A LONG with a few sprigs of mint, sweet woodruff, asperula odorato, is among the first herbs to turn green each spring. As a ground cover it's popular with local gardeners because it spreads rapidly and thrives in moist, shady woodland settings.

And even if it had no culinary uses, it would be an attractive plant to have around. Slender square stems, from six to 12 inches high, are encircled by aromatic whorls of six to eight almond-shaped leaves. By May, clusters of tiny white flowers top the foliage. It's no wonder woodruff-flavored beverages have come to serve as a sign of the season.A

The plant's fresh, woodsy aroma and the tart, slightly lemon-flavored extract, or juices, set off the flavor of dry wines and some fruit juices. And the leaves can be steeped for 10 or 15 minutes in boiling water to make a tart, pungent tea.

Along with many other herb teas, woodruff has often been used as a folk medicine, or tonic, reputed to have healing qualities.

May wine, an alcoholic fruit punch, is a German tradition. The following recipe is made during an annual May festival held in Herman, Mo., a small, historic village founded by German immigrants in the 19th century on the banks of the Missouri River. MAY WINE (Makes 3 quarts) 1/2 cup sugar 10 sprigs freshly picked, washed sweet woodruff 2 quarts dry white wine, chilled 1 quart canned, unsweetened pineapple juice, chilled 1 cup fresh, washed, hulled strawberries 1/2 cup sugar, optional Sprigs of woodruff for garnish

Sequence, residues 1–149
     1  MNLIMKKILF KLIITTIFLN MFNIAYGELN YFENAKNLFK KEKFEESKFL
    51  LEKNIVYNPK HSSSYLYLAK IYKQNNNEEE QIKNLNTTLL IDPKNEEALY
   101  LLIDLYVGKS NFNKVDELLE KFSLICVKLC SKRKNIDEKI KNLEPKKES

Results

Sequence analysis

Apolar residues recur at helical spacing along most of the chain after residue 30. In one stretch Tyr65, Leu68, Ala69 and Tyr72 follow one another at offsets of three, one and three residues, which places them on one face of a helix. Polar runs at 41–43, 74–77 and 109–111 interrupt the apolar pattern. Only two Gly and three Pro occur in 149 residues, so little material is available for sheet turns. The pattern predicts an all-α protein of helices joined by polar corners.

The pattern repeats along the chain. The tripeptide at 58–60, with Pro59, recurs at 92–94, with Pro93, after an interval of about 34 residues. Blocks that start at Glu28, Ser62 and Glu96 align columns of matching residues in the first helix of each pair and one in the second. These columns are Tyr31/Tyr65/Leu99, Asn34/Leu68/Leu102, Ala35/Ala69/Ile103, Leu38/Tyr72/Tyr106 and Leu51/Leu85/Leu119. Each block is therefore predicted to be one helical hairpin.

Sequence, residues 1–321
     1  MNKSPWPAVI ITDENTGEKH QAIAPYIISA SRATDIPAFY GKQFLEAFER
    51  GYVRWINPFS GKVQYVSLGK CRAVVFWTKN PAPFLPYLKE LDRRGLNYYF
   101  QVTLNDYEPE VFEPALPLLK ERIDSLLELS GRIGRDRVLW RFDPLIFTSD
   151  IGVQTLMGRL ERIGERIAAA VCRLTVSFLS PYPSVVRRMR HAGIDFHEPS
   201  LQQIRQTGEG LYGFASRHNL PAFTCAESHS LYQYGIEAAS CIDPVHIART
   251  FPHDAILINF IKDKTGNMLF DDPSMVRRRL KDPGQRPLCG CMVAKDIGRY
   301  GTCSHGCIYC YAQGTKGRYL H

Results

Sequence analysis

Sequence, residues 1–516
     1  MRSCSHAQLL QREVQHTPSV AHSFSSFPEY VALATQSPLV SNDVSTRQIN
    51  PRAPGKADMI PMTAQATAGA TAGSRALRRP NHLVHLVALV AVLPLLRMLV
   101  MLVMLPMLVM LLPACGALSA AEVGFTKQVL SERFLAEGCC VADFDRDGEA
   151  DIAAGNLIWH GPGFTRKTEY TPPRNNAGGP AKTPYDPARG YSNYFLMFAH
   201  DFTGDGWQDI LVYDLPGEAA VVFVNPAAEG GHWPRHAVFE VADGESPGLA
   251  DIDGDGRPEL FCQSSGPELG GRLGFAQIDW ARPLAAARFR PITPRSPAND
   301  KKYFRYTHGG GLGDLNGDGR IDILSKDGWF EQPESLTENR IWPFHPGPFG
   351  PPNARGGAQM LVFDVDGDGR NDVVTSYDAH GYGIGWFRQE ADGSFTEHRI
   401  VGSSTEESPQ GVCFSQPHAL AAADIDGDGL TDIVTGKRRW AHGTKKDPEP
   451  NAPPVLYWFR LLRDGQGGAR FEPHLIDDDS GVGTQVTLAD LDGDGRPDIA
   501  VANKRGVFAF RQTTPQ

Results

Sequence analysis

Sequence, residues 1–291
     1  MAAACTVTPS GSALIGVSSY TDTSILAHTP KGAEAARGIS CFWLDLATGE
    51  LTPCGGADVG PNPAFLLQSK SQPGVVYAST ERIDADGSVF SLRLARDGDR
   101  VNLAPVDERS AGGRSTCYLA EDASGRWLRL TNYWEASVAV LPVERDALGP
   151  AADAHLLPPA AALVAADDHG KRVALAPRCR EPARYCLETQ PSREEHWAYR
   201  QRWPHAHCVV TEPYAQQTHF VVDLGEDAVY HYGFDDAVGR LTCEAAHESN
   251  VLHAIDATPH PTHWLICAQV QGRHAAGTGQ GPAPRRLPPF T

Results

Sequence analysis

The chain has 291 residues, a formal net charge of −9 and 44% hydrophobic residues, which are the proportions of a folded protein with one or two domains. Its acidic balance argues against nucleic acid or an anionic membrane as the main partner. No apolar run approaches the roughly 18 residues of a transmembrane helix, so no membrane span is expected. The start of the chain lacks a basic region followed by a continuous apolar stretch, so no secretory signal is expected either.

Place the sugar and the woodruff in a punch bowl and crush the herb with a wooden spoon. Let sit for about an hour. Add the wine, pineapple juice and strawberries. Stir well. Taste. If necessary, add a little more sugar. Serve immediately in wine glasses garnished with additional sprigs of woodruff. ? FLAVORED SHERRY

Open a bottle of dry sherry the day before serving. Pick and wash 10 sprigs of woodruff, and force them through the opening one at a time, pouring off a little wine if necessary to accommodate the herbs. Replace the cork firmly in the bottle and let the herbs steep in the wine overnight or until ready to serve. Pour in wine glasses garnished with additional freshly picked, washed woodruff. A bottle of woodruff-flavored sherry makes a nice present to bring to a friend. MAI BOWLE (Makes 7 quarts) 20 sprigs freshly picked, washed sweet woodruff 1 quart good brandy 1 quart dry champagne 5 quarts dry white wine 2 trays ice cubes or a 1-quart block of ice 1 pint fresh, washed, hulled strawberries Sprigs of woodruff for garnish

Cover sweet woodruff with brandy and soak overnight. Strain, and place the brandy in a punch bowl. Add champagne and wine. Add ice, float strawberries and sweet woodruff on top. Serve immediately in wine glasses garnished with additional woodruff.